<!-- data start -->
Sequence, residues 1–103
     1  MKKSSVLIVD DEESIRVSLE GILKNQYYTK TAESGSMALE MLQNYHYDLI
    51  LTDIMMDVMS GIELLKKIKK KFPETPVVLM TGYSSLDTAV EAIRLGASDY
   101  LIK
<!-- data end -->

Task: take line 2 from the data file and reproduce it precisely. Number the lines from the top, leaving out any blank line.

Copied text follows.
     1  MKKSSVLIVD DEESIRVSLE GILKNQYYTK TAESGSMALE MLQNYHYDLI